We also did a dramatic Febreze-ing session, but - can you believe it - the smells in the curtains there are so ingrained, that they overpowered the Febreze!

Actually, I just wrote all that as an excuse to put up this picture of Steve. I mean, it’s all true, but it’s not neccessarily interesting enough to warrant a post, right? The picture, however, is priceless.
Steve getting ready to perform. He says he’s really enjoying the painting of his nails before a show and he will miss it.

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Friday, August 18, 2006

Fred at the Fest

I’ve been very lucky to have friends pop by this festival to see the show and hang out... one such person was Fred Baker, who made a special effort to spend one night in Edinburgh on his way up from Vienna to Cambridge to Inverness for a wedding. Whilst the rest of the wedding party were already having a pre-WEDDING dinner, Fred was watching The Clan of DIVORCEES, bless his heart.

He also brought the DVD of Mind The Gap, the fim we made at the Berlinale this year. Good news. The photo above is of him and his wife Sandra, who directed Mind The Gap.

Fred wasn’t staying very long, so we talked until deep into the morning to make the most of it and here is what I learnt. Fred hates when women say they aren’t good at networking. It pisses him off. Apparently, networking is the wrong word. It’s “having conversations with people about your work and what you’re doing! And you are very good at that.”

So, because I respect Fred and listened closely to his 4am pearls of wisdom, I went off the next night to our publicists ‘having conversations with people about your work and what you’re doing’party and decided to try it out under that new title. I had several conversations and for a first effort on my part, it went swimmingly I thought!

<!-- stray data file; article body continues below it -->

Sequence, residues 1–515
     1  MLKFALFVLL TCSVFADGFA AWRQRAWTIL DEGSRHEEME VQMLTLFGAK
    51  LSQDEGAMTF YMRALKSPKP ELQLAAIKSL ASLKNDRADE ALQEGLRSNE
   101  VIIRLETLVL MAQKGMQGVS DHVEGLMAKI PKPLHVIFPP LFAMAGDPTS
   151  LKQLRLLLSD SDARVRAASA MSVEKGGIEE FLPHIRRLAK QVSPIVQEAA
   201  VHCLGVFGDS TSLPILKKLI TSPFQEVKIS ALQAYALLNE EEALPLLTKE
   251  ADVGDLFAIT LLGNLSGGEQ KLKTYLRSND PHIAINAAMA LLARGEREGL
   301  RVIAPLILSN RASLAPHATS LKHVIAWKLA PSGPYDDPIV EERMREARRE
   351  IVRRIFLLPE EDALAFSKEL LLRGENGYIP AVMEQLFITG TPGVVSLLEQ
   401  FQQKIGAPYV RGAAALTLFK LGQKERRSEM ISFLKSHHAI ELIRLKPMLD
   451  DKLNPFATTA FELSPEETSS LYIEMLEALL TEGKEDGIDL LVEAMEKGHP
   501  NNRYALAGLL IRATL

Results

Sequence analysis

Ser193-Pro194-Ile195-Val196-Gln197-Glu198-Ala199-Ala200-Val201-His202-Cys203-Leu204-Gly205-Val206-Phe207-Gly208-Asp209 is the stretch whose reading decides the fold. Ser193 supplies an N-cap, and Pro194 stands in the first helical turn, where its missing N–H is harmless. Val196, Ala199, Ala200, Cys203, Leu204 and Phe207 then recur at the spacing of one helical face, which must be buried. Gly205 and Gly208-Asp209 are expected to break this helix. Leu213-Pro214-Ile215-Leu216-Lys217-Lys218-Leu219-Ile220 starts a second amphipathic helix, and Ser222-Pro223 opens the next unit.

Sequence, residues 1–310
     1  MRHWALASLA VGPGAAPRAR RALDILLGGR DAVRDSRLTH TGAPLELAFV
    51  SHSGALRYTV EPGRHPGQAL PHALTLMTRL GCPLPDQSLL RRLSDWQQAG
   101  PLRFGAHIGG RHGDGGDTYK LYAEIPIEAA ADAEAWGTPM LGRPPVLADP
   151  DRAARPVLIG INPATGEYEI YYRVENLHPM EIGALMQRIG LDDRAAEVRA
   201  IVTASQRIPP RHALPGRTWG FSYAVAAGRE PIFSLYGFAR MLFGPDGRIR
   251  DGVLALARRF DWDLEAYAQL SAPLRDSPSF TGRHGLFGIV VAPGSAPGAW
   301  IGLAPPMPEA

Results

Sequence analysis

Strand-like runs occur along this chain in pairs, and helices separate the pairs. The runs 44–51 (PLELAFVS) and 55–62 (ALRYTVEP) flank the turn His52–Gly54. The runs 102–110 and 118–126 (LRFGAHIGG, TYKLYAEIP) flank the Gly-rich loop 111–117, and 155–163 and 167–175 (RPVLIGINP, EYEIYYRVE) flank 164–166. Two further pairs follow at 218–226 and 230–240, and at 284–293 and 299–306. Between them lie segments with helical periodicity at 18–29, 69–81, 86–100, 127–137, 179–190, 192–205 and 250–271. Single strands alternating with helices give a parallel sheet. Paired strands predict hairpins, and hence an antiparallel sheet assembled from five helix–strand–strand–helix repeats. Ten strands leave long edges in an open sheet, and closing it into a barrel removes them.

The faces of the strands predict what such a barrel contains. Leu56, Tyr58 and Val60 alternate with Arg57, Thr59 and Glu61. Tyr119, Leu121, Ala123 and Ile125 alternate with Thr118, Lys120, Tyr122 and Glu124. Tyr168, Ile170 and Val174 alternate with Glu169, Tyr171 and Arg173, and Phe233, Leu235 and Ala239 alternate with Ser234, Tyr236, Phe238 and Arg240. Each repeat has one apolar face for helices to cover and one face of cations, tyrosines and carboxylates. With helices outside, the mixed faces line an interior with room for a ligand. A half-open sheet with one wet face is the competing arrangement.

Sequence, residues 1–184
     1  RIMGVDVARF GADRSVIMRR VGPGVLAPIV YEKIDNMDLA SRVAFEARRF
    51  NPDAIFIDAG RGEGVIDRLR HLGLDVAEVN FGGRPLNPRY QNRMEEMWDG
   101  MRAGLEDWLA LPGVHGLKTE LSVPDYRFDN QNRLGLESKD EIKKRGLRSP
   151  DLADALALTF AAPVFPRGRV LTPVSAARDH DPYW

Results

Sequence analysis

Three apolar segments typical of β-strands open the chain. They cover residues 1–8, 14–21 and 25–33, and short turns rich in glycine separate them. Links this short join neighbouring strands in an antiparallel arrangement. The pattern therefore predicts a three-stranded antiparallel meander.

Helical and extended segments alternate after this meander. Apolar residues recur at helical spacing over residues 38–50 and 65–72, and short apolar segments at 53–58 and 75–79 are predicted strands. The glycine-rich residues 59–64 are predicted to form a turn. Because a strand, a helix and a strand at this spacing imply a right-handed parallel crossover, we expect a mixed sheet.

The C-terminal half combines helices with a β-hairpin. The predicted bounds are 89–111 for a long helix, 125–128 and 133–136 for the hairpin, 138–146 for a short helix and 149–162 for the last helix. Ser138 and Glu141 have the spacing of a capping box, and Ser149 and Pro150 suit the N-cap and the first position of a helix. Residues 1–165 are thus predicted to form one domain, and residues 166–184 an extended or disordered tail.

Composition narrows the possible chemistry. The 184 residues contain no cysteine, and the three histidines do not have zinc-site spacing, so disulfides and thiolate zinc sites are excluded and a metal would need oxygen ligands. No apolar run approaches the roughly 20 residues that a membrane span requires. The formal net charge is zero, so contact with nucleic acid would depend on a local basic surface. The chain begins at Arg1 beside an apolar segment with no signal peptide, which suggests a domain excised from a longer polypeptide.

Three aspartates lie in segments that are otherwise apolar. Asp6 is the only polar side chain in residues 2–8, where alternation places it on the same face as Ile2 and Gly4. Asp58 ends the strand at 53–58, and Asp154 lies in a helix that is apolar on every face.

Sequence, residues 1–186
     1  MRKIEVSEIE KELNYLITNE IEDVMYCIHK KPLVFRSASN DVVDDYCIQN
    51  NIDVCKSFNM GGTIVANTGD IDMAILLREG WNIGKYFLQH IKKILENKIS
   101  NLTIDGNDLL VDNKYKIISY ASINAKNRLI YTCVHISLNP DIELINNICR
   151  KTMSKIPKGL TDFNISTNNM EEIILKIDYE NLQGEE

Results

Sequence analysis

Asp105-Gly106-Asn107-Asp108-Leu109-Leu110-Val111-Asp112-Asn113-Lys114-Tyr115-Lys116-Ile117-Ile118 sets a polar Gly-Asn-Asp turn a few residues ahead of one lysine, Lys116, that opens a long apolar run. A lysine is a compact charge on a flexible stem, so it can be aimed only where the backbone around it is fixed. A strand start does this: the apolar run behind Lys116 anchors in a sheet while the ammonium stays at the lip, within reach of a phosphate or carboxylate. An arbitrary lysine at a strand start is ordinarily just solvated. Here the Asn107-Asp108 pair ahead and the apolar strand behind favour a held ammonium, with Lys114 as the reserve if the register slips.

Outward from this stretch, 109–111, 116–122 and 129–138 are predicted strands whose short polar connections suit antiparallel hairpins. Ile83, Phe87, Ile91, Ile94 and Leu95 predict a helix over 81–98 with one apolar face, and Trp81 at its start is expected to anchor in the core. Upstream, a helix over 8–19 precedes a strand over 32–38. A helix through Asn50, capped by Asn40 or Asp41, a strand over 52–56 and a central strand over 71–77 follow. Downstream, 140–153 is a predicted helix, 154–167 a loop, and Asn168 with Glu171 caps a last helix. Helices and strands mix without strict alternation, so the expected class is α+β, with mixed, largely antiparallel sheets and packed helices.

Right said Fred. (couldn’t resist that, SORRY!)
Thanks Fred.

(photo: Fred and his wife Sandra at the Grand Palais in Paris)

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Tuesday, August 08, 2006

Paul Le Guen, or how to perfect your scottish

You may not know this, and I don’t blame you one little bit, but Paul Le Guen is a Frenchman from Rennes. And this is his current job, according to Wikipedia:
On March 11, 2006, it was confirmed that Paul Le Guen had agreed to replace Alex McLeish as manager of Rangers starting in season 2006/2007. Le Guen signed a 3 year contract with Rangers, with the option to extend his stay at Ibrox Stadium. So, he’s coaching Scotlands Premier League football team, based in Glasgow. Why am I bringing this up, you ask? Well, Paul Le Guen is our stage manager's answer to his language problems!
The stage manager for The Clan of Divorcees is French/Moroccan and doesn’t speak English. However, in a moment of panic when we were all dashing up the road towards the monster rental truck, thinking the traffic wardens cicling it were on the brink of ticketing, he started shouting: “PAUL LE GUEN! PAUL LE GUEN!” By using that name, he was simultaneously explaining that ‘we are from France, but we come in peace, so please don’t give us a parking ticket’! Of course, you would have to be a football fan to get it. I am not and I didn’t...

Similarly, when taking the monster rental truck through a traffic circle in the wrong direction (pesky English, imposing left-side driving wherever they went!) and having a lady gesticulate wildly at him from her little car, our stage manager rolled down his window and tossed the following phrase at her: “I want you BEGINNING!” Put that in your pipe and smoke it, lady. As a put-down, I have seldom heard anything better.

(photo: stage manager in promotional action on the Royal Mile)

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Friday, August 04, 2006

festival living

Due to unforseen circumstances, we have more people staying in our festival apartment than bedrooms. This means that the youngest team member gets to sleep in the living room. This also means that there is no common room for us to have breakfast in, as our youngest team member tends not to get up before lunch time.

Anyway, you remember our empty truck dilemma from the previous post? Well, there was one other thing in the truck that I didn’t mention. When the stage manager noticed that there was no set, he raided the mother-theatre in Paris. In an attempt to bring something we might be able to use as a set to Scotland, they took a sexy little café table and 3 café chairs from the theatre bar. Seeing as they are totally the wrong style for our play, we have set them up in the apartment instead... there is an oversized hallway that we are now using as a breakfast nook for coffee and croissants in the morning!

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Monday, July 31, 2006